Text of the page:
Jack M. Burns, Jeremiah J. Peiffer, Chris R. Abbiss, Greig Watson, Angus Burnett and Paul B. Laursen
Manufacturers of uncoupled cycling cranks claim that their use will increase economy of motion and gross efficiency. Purportedly, this occurs by altering the muscle-recruitment patterns contributing to the resistive forces occurring during the recovery phase of the pedal stroke. Uncoupled cranks use an independent-clutch design by which each leg cycles independently of the other (ie, the cranks are not fixed together). However, research examining the efficacy of training with uncoupled cranks is equivocal. The purpose of this study was to determine the effect of short-term training with uncoupled cranks on the performance-related variables economy of motion, gross efficiency, maximal oxygen uptake (VO2max), and muscle-activation patterns.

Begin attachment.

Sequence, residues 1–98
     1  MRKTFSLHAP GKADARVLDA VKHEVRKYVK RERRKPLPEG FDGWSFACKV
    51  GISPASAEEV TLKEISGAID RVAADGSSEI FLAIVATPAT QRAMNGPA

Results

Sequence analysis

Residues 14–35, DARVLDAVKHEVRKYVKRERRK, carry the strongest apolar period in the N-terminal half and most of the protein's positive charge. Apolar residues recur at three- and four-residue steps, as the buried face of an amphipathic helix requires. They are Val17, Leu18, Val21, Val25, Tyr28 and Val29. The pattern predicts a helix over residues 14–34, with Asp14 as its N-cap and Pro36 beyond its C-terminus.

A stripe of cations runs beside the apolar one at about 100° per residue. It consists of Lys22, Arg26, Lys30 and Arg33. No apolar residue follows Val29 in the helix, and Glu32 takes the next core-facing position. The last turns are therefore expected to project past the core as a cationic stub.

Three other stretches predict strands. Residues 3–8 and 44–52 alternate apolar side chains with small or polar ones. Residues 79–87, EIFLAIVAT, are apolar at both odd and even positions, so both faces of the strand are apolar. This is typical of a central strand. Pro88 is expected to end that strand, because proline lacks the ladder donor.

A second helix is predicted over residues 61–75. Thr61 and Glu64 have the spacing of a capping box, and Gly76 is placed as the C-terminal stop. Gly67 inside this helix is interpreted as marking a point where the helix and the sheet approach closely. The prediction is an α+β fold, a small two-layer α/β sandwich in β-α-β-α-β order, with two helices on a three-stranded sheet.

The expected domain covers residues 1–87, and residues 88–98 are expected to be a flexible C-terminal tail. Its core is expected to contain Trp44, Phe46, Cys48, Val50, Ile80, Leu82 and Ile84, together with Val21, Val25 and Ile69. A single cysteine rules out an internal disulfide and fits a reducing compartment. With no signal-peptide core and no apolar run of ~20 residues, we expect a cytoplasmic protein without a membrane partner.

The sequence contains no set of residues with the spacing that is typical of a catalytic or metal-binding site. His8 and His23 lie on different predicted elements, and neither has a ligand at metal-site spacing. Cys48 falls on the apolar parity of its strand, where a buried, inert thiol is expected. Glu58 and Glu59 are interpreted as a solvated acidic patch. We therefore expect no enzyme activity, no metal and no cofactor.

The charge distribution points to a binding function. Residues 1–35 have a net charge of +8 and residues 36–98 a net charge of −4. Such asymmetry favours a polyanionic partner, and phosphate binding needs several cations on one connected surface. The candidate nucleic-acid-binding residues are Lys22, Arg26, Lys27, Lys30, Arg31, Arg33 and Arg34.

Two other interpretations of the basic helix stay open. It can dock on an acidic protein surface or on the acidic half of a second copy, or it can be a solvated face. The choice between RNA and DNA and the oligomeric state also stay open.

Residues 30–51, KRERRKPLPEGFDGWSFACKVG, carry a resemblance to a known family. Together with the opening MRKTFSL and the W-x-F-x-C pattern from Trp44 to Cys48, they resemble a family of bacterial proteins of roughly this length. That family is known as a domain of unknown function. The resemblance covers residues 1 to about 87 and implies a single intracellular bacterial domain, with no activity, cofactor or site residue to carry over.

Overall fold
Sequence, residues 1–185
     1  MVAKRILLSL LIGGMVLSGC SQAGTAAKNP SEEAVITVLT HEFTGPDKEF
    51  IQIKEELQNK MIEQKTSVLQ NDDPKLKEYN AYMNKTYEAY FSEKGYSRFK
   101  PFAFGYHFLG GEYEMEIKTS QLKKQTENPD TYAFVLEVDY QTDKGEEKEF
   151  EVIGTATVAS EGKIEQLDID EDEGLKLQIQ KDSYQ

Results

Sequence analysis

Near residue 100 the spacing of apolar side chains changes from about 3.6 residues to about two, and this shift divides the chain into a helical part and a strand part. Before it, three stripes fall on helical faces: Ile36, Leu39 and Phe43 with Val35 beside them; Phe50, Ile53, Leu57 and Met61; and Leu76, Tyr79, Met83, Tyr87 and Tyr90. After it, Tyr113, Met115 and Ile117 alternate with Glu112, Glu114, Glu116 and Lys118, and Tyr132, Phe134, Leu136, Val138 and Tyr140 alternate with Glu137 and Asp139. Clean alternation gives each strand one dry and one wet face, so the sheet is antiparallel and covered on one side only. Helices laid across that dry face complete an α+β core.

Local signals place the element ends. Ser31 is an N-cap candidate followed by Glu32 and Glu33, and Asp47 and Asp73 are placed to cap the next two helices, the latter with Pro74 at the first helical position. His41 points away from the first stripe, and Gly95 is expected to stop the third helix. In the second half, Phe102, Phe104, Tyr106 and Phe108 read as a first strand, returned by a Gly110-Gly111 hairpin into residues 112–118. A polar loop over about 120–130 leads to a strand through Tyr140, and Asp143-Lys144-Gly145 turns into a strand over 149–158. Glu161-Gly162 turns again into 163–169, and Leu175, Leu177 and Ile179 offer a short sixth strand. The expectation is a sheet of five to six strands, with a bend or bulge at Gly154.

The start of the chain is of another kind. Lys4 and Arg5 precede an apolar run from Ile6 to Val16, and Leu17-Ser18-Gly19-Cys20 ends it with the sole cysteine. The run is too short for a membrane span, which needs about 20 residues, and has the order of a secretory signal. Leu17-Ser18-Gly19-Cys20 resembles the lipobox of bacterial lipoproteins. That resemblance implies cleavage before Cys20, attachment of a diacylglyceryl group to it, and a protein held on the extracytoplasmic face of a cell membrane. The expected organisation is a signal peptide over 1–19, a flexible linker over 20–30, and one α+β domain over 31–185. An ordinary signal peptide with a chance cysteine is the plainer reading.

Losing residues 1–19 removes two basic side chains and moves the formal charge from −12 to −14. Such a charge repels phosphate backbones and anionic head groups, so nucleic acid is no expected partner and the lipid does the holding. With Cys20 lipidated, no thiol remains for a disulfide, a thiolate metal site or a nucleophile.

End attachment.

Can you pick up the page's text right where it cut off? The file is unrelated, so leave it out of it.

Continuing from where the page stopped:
Sixteen trained cyclists were matched-paired into either an uncoupled-crank or a normal-crank training group. Both groups performed 5 wk of training on their assigned cranks. Before and after training, participants completed a graded exercise test using normal cranks. Expired gases were collected to determine economy of motion, gross efficiency, and VO2max, while integrated electromyography (iEMG) was used to examine muscle-activation patterns of the vastus lateralis, biceps femoris, and gastrocnemius.
No significant changes between groups were observed for economy of motion, gross efficiency, VO2max, or iEMG in the uncoupled- or normal-crank group.
Five weeks of training with uncoupled cycling cranks had no effect on economy of motion, gross efficiency, muscle recruitment, or VO2max compared with training on normal cranks.
John R. Lubker, Jack C. Watson II, Amanda J. Visek and John R. Geer